Monday, June 6, 2011

"Historical post" - Jeju Island, June 2011

Fairy Pitta Pitta nympha
Jens finds his Fairy Pitta, thanks to Youngho
Scrambling through mosquito valley
Exploring a shamanistic site deep in the forest
Dolharubang - one of Jeju's iconic stone grandfathers
An older iteration
Spot the Pacific Reef Egrets
Looking north towards the mainland
Birding lunch of champions - ahlbap

Jens, extremely excited to be eating ahlbap (note the kettle of makkeoli on the table)
Jeju Island, June 5-6 2011
  Several weeks before leaving Jeju (for the first time), I had the pleasure of guiding a visiting Danish birder around Jeju, in his quest for the rarest of avian jewels, a Fairy Pitta. Jens Thalund, one of the best birders in Denmark (in my opinion), is from Esbjerg, a small town I’ve actually visited, so we had a good chuckle about the situational symmetry of that.
  We met up in Seogwipo on the 5th and I scooted him out to a reliable location for Fairy Pittas near an ephemeral forest waterfall…well, reliable until ‘they’ ripped up the woods in order to construct a parking lot (and related infrastructure) large enough to accommodate the endless parade of Chinese tour buses that make the financial wheels of Jeju go ‘round and ‘round and ‘round. We sat on boulders in a dry riverbed for several hours, and heard a Fairy Pitta calling, but didn’t end up seeing one. The next day was kinder to us, here’s what I wrote at the time:
  Denmark is a cool place. They dump mayonnaise on pizza, make bleak yet hopeful statues, have a strict etiquette when it comes to sandwich condiments - and let's not forget the singular Tuborg Green. On Friday morning I met up with a Danish birder and we staked out my secret spot for five hours waiting for a Fairy Pitta that didn't show. Then on Saturday we met up with my Korean birding bud Youngho for some valley-climbing birdventures. Well, first we were hijacked and taken to the back room of a museum where we were pressed into service helping a Korean guy sort through some tricky bird IDs for a book he's putting together. He thanked us by taking us out for an awesome lunch and makkeoli. Life is hard.
  The meal was dolsot (hot bowl) ahlbap, which is a solid Korean peasant meal. It even looks healthy. Usually there's an egg mashed in, but in this case there were a bunch of fish eggs dumped in instead (the orange stuff on the rice) - I'll miss ahlbap. Makkeoli is a fizzy, earthy rice alcohol, and you're meant to drink it out of bowls. Some of my classier friends drink it straight from the plastic bleach-looking bottles. Personally, I've never been a big fan, but it's pretty good with lunch, especially when lunch is secretly breakfast. The Danish guy reminded me of Dr. House. He got his Pitta, in a humid valley filled with rude mosquitoes that were after my sweet sweet blood.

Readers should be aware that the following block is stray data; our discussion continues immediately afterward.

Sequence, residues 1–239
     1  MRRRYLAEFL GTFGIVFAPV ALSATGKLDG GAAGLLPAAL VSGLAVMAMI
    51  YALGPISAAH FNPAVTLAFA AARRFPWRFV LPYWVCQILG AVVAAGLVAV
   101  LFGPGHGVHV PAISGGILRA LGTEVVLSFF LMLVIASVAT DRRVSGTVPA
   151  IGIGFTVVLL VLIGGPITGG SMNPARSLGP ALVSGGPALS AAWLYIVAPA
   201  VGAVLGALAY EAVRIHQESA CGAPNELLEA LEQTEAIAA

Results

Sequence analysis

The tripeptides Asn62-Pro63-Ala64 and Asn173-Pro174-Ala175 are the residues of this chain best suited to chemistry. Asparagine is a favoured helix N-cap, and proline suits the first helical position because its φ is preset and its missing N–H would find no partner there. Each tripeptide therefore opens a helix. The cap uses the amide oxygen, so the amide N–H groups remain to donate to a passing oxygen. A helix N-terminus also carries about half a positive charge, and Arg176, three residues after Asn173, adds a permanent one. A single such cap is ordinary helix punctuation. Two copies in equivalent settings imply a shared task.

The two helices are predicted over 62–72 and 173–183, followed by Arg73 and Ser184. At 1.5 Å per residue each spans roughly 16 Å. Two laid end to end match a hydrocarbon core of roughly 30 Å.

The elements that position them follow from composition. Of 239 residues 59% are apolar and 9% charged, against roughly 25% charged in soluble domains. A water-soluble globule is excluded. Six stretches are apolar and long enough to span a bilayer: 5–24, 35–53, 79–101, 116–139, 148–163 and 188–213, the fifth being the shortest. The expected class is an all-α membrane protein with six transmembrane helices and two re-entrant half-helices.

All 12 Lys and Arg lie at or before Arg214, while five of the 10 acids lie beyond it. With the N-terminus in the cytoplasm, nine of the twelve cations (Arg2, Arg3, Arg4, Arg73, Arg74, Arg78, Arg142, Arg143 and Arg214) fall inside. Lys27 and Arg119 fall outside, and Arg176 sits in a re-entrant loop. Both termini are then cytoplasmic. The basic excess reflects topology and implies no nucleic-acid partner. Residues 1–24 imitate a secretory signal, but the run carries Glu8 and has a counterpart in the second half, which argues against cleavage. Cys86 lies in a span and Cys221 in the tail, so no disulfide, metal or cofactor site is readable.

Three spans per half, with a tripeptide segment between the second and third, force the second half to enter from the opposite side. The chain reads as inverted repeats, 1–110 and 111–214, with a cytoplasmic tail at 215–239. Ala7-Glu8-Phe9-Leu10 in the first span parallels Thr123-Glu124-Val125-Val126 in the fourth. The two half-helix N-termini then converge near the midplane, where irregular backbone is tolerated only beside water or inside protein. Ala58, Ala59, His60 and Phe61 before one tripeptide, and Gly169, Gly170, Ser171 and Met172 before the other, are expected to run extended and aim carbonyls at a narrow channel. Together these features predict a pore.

What a park should look like
One of my two favoured haunts in Seogwipo
Soaking up the Japanese White-eyes

My other riverside park - I usually had the place to myself in the mornings
The spot where I ran into a Zappey's Flycatcher

Almost stepped on this tiny but dangerous Ussuri Mamushi Pitviper Gloydius blomhoffi
Brown-eared Bulbul Hypsipetes amaurotis
Bulbul vomit
  During my last month on Jeju Island (well, until 2013), I took leisurely, unemployed strolls through my favourite Seogwipo parks, which were, at that time, notable for their ‘wildness’. Green riots of weeds and underbrush lined the riverbanks, home to countless species of flora and fauna. This was in contrast to what has become the norm in Korea these days when it comes to riverbanks – concrete paths topped in rubber matting, trimmed with guardrails – all ecological benefits scraped off and sanitized, in the name of keeping the construction industry going, I suppose.
  I also had an experience with a Jikbakguri - here were my thoughts at the time: 

  This Brown-eared Bulbul perched right outside my window for about 15 minutes, keeping out of the rain. It saw me see it see me, but was smart enough to know that I was on the other side of the window. Another bulbul perched above the original one, and after a while they both opened their bills and puked out some large seeds onto my aircon. How rude. They also shit on it. Bulbulshit. There appears to be a wide assortment of alarming and random stuff on my aircon. It's raining.

(*Note: This is a “historical post.” Whereas I started birding in Korea in 2005, this blog has only been active since early 2012 - these posts are an attempt to consolidate my early birdventures from the various blogs and websites where they reside, largely from the “Archived Bird News“ section of Birds Korea’s excellent website: Find more historical posts by clicking on the "Historical posts" tab at the bottom of this post.)